Family Best Time >> Health

Five ways to get more from your doctor visit

Today, going to the doctor is more like speed dating than providing healthcare. Patients are in contact with the doctor for a few minutes and he or she does most of the talking. How can you get the information you need and the results you want during a 15-minute doctor's visit? What if the treatment options don't feel right? Here are some tips for becoming a 'pleasantly assertive' patient so that the caregivers can help you better.

1. Prepare for your visit. It may seem crazy, but it's really helpful to write down your symptoms, complaint or problem and then summarize it in a few sentences. Bring your list and summary to the visit so the doctor can quickly assess your condition and ask specific questions, rather than spend time on general issues. This one step can make visits 25 to 50 percent more effective.

2. Have an agenda. Decide what you want from the visit before your appointment. For example, if you have back pain, you may want to know what is causing the pain and a treatment plan for getting better. Tell your doctor about this at the start of your visit. Sharing this information can help you make better treatment decisions, make visits more efficient, and increase the likelihood that your healthcare needs are met effectively.

3. Know your medical history and medications. To help you get the treatment you need, doctors need to know what tests you've had and when, as well as what medications you're taking if they aren't already known there. Without this information, they could mistakenly reschedule tests or prescribe drugs that interact badly with something you're already taking. This can have adverse consequences for your health.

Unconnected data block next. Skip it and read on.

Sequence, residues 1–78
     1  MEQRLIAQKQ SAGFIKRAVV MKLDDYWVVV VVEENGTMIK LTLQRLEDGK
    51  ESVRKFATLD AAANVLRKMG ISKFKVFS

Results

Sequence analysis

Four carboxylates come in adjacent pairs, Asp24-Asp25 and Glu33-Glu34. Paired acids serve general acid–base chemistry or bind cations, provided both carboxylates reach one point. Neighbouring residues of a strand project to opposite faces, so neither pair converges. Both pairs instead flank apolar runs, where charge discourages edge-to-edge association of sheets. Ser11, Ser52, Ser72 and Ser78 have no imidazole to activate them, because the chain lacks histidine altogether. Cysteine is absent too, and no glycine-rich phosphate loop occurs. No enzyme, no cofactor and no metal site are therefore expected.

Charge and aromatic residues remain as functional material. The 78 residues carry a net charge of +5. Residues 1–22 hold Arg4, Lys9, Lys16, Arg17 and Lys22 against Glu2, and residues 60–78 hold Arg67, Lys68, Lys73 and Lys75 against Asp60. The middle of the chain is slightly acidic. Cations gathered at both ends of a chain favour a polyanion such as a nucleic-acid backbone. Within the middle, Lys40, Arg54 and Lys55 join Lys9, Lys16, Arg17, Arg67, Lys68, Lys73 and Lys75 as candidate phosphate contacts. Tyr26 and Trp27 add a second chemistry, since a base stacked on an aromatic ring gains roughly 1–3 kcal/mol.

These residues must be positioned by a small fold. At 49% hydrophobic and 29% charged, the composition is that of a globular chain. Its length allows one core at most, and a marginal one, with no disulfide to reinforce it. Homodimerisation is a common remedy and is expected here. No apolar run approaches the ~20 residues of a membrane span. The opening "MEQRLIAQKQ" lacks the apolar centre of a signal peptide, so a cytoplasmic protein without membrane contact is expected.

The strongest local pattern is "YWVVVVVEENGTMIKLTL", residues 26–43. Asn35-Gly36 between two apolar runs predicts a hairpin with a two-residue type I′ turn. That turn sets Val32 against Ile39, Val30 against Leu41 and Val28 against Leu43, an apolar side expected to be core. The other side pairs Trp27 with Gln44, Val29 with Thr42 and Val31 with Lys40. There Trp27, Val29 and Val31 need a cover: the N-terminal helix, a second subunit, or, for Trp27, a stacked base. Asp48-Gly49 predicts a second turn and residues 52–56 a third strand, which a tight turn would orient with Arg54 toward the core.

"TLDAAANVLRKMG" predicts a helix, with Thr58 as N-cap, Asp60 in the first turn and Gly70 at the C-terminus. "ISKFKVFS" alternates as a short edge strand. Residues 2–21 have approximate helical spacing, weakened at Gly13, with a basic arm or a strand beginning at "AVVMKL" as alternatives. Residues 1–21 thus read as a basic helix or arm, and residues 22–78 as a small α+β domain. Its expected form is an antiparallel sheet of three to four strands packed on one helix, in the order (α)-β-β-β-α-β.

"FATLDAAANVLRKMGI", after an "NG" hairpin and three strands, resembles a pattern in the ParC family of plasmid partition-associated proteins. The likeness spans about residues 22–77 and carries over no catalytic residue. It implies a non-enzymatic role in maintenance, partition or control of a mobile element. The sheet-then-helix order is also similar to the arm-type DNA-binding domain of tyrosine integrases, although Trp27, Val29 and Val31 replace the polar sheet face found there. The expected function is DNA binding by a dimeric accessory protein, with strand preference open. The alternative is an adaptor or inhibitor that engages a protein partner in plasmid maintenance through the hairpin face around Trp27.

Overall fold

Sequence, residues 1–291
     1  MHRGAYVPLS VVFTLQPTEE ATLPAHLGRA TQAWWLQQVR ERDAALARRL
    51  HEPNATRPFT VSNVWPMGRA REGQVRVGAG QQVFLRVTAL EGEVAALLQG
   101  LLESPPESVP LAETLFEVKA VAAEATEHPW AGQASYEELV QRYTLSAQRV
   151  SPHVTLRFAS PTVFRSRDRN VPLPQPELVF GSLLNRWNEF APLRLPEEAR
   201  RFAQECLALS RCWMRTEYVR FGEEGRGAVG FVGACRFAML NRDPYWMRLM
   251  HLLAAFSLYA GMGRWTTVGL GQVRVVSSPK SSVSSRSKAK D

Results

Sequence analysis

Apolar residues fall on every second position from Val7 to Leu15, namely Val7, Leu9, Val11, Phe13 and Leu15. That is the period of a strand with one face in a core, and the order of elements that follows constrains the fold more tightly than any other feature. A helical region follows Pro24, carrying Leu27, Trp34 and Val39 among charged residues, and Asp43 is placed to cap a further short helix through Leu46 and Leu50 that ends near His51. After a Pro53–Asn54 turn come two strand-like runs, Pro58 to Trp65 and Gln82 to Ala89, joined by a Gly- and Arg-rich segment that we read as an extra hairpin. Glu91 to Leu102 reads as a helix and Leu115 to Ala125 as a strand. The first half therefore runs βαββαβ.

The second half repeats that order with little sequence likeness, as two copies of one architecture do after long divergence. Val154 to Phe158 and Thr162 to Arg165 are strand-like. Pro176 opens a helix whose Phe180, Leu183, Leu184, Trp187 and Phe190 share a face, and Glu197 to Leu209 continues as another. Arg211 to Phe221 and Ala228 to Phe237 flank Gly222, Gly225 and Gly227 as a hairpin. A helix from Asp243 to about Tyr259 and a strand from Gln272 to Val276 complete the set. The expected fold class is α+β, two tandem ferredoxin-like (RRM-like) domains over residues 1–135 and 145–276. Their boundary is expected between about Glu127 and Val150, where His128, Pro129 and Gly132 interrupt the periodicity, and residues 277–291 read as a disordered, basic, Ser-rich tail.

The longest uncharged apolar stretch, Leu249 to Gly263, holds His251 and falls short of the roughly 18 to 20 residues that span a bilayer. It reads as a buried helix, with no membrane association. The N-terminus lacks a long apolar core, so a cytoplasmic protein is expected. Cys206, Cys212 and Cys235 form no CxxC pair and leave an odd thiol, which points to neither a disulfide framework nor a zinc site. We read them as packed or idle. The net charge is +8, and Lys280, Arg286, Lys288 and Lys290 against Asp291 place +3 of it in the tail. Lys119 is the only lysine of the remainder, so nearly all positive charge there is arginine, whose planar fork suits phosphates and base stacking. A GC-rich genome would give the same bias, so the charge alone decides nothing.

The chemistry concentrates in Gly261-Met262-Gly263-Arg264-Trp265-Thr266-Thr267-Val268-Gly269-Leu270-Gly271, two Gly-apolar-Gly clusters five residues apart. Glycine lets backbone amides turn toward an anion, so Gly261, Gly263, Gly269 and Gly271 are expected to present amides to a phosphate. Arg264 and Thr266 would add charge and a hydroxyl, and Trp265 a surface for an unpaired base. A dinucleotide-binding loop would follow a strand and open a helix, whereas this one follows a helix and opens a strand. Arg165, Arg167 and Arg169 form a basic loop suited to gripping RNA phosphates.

4. Tell the doctor about your lifestyle preferences that may affect your treatment. It doesn't make sense to agree to a treatment plan that you know you won't follow, it won't result in feeling better. For example, if your Wednesday night smoking rehab meeting conflicts with your book club, it won't be an effective intervention for you. On a more serious level, if you don't want to deal with the uncertainty of a possible cancer recurrence, you may prefer a mastectomy over a lumpectomy. Likewise, if you can't afford medication, tell your doctor, even if you're embarrassed. There are often ways around the challenges if your healthcare team knows them.

5. Clarify the decision to be made. Sometimes you will be presented with different options, so make sure you understand the alternatives and ask for clarification if not. Your doctor should be able to provide you with important information about each option during the visit or after a debriefing. Ask the details of the option to ask how good the medical information is.